Thursday, February 17, 2011

Time, clocks and getting work done...

One of the most fascinating things about nature is time... at it's essence time is why work can be done, why the world has order, why meaning can be perceived... without time there is no meaning...

If one wants to do work then something about the relationship of objects in nature has to change... (that's really all work is).  In order for the relationship between objects to change one has to be able to discriminate between two different states and to know the order of those states.  In the simplest case we can choose the two states as being 0 or 1 (it doesn't matter what the actual meaning of 0 and 1 are - they could be full and empty, hungry or satiated, hot or cold, having a positive charge or not - as long as we can tell the difference between them, as long as they can be measured they will "work").

If we look at what meaning we can derive from being able to measure two states of something, we find that there are four possible conditions: 1) the states over time could be stable and high 2) the states over time could be stable ad low 3) the states could change from low to high and 4) the states could change from high to low.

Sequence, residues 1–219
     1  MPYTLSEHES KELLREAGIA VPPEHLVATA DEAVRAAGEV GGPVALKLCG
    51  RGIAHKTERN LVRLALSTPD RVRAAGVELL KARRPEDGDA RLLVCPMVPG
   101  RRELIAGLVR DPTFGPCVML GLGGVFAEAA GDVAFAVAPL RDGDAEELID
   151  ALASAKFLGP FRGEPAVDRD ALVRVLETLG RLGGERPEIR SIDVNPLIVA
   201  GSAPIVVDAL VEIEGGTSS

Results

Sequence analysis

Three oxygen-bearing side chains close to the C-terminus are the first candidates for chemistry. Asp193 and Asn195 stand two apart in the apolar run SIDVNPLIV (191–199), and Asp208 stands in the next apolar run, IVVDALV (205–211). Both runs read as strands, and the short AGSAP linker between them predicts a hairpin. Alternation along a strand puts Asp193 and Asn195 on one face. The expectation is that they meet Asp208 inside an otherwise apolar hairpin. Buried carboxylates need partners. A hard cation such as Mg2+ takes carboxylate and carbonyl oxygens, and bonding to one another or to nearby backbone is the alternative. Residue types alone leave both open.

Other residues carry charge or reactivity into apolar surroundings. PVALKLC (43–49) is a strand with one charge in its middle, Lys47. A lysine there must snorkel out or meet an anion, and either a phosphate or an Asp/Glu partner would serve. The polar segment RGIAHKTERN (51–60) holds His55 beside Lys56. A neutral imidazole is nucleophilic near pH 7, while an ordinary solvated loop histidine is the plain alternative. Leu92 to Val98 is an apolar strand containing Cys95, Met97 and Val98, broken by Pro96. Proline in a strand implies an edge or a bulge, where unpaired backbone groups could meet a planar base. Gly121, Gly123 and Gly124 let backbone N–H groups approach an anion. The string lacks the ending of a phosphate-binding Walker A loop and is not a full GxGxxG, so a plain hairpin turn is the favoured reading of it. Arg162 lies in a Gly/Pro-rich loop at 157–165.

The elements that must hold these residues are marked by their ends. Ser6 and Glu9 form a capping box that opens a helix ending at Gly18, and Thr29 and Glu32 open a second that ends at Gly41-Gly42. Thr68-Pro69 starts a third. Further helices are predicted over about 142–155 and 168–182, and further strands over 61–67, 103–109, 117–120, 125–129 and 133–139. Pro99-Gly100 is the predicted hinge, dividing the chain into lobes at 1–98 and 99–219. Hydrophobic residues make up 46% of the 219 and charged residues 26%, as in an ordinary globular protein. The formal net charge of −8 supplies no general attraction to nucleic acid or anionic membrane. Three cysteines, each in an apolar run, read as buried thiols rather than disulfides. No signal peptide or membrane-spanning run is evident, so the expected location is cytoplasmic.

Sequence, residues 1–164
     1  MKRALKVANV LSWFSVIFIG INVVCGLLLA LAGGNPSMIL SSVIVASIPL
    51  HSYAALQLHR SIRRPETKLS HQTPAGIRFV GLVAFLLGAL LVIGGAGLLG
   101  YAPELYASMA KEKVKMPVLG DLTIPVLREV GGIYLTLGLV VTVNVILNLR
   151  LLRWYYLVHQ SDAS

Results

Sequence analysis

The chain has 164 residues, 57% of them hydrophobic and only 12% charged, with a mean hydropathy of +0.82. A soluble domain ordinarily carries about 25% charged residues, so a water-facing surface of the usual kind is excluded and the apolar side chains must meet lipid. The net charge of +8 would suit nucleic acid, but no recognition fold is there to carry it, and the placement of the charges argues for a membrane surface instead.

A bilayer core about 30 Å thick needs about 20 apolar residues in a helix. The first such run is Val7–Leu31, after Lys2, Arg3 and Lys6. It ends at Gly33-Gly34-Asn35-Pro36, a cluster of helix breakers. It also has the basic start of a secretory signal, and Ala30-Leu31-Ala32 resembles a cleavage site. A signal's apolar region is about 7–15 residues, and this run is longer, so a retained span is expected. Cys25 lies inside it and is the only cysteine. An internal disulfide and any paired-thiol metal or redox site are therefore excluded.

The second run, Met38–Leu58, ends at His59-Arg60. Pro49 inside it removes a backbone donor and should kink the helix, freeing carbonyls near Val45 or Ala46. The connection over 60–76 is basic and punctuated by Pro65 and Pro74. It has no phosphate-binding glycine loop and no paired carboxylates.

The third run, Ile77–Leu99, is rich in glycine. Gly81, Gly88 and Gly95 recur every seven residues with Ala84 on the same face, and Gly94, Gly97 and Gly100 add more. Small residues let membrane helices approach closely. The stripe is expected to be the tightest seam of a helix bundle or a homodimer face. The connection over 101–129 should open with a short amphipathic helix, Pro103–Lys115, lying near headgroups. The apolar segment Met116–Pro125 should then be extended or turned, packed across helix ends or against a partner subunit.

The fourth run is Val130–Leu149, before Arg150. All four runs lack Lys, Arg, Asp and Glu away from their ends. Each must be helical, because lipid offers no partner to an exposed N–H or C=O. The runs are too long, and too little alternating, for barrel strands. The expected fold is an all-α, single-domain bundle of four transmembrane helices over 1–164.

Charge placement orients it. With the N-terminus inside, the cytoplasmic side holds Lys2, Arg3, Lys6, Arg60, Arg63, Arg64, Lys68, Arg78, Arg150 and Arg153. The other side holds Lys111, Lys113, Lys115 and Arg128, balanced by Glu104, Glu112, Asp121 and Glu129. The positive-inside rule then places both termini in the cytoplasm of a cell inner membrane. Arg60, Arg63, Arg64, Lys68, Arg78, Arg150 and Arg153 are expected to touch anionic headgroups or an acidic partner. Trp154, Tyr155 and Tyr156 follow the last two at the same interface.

While the two stable conditions (high or low) could be used to consider whether or not something else could/should occur, they can not be used to do any work themselves... these form logical states.  The transition states (either going from high to low or low to high) are more interesting though - since here we can measure time and that means that if we use these conditions as signals and since the rising and falling conditions must occur in a an interleaved sequential order (one can not have a rising edge following a rising edge) we can do work.

Clocks (no matter what kind of mechanism or power source) always measure time.  It is the flow of energy from a higher potential to a lower potential or from a more ordered state to a less ordered state that allows work to be done.  In electronics we often use crystals that oscillate when voltage is applied and when used as part of a resonant circuit a predictable number of changes in states over time occurs.  It doesn't really matter that much exactly what the rate of oscillations in the natural resonator is because we can combine those transitions (the positive and negative edges) with other logical conditions to achieve just about any secondary pattern of signals we desire (which we will see in the next post).

The key concepts here are that in order to do work of any kind, we must be able to measure not only different states of something (logical conditions), but also the sequential changes (timing conditions) between those states.